LIVING WITH CLIMATE CHANGE
Part 3 of 3
ST. LOUIS • In the Miami metro area, where Broward County is trying to keep the Atlantic Ocean out of its freshwater aquifer, preparing for climate change has been part of its planning process for years.
Chicago has developed a climate adaptation guidebook for the region’s municipalities, and the Illinois Department of Transportation is beginning to map the roads, bridges and other infrastructure that could be vulnerable to new weather patterns.
In Cleveland, the city’s climate action plan calls for weatherizing low-income residents’ homes and planting more trees to prepare for heat waves and cut the urban heat island effect.
“These are good things to do anyway,” Jenita McGowan, Cleveland’s sustainability chief, told the Post-Dispatch during a May conference on climate change adaptation in St. Louis. “But I think we feel there’s more urgency to it than ever.”
Across the country, planners are looking beyond trying to control climate change. No longer are they solely focused on cutting local energy use or building bike trails. Cities, states and the federal government are starting to get ready for the increasingly intense impact that a warming planet could generate, from heat waves to floods to stronger storms.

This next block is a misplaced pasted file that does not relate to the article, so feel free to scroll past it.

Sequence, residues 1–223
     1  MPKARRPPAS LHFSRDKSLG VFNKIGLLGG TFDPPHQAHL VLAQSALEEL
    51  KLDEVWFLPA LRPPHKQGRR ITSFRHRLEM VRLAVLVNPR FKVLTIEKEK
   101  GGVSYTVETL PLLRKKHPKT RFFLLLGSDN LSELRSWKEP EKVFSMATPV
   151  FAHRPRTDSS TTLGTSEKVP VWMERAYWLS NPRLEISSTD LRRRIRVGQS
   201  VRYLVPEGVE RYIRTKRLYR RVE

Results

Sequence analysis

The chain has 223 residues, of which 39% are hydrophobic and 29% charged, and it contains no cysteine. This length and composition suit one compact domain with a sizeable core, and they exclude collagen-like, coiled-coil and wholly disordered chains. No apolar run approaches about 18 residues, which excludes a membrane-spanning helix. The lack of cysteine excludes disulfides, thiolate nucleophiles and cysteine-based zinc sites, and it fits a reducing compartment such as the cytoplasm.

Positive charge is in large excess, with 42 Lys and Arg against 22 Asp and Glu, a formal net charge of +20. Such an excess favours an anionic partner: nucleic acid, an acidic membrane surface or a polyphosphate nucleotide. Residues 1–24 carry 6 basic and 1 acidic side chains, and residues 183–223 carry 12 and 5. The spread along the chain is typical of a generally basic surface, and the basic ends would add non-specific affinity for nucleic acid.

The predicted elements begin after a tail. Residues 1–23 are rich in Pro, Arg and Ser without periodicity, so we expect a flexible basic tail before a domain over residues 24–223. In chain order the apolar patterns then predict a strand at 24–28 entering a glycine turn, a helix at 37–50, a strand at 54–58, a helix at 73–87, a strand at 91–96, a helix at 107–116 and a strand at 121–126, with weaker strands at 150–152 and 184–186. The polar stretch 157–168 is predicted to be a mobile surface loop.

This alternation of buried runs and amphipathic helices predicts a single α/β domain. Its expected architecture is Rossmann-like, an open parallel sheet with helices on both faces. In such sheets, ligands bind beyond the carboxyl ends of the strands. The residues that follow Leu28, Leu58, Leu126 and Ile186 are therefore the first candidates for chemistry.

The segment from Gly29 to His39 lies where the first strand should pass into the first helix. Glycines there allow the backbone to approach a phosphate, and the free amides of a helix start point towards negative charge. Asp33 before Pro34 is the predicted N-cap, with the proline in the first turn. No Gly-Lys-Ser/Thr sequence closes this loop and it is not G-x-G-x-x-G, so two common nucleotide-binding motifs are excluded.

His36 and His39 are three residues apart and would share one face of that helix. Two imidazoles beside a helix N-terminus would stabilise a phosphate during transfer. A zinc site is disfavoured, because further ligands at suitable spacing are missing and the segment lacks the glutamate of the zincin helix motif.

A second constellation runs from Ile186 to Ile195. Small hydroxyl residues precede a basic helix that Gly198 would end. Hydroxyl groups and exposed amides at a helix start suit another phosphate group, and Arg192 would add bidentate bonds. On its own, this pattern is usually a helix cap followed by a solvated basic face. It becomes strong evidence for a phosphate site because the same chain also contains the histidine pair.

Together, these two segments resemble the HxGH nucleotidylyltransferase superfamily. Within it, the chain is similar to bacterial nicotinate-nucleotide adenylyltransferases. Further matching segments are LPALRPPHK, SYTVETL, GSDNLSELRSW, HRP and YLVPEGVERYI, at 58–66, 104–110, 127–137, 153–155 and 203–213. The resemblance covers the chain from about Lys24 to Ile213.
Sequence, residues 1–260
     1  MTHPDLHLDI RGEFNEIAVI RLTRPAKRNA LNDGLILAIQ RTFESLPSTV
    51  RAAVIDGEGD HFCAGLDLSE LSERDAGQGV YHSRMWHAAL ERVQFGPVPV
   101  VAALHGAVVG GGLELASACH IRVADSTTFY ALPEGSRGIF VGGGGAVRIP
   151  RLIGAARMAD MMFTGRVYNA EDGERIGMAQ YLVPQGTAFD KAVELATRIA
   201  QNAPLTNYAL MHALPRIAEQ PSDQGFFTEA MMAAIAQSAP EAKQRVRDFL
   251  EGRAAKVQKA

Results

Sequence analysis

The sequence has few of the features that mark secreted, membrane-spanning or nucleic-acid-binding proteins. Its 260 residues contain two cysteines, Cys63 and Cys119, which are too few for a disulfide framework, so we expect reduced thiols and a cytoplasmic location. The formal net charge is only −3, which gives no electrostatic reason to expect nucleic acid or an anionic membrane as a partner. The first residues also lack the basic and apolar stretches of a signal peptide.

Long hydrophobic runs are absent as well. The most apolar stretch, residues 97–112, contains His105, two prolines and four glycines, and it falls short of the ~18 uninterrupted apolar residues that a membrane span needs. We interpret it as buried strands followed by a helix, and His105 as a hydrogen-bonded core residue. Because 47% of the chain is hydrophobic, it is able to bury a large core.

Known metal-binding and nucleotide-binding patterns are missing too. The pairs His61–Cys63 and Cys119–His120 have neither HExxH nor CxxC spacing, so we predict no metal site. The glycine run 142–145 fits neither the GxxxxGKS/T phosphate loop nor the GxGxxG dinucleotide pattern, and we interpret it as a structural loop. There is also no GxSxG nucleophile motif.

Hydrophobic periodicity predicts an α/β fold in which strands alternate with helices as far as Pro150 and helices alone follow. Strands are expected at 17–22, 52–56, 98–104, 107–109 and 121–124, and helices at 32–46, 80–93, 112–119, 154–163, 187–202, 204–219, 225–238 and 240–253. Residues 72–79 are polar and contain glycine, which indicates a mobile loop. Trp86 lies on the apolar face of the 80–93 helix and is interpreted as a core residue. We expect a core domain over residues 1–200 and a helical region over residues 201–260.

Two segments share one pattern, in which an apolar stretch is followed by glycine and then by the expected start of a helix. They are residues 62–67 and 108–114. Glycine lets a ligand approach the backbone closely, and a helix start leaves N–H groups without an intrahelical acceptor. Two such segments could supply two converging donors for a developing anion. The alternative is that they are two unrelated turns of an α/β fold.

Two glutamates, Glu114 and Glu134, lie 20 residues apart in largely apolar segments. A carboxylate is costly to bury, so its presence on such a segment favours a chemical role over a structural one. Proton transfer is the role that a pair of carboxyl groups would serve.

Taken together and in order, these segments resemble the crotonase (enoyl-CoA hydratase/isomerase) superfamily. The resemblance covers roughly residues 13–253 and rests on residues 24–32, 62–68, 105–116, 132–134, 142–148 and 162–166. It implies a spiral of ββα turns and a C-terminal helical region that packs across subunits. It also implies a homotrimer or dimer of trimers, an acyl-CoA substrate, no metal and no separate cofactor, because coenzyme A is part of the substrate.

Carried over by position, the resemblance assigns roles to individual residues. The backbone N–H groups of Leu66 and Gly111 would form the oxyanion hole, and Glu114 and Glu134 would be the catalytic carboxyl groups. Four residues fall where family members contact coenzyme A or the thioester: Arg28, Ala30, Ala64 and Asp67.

It’s a shift in thinking born out of a growing realization that nature is already throwing a lot of curveballs, and international efforts to combat it may fall short.
Originally, there was resistance to the idea of adaptation, or resiliency as it’s sometimes called.
“The belief was if you started to talk about adaptation, you wouldn’t do anything to slow the effects,” said Lara Hansen, the director of EcoAdapt, a Seattle-based group that helps governments and organizations plan for climate change. “There was a hesitance to do it because there were so few people concerned on this issue that having anyone not focused on reducing greenhouse gas emissions, it was a loss of resources.”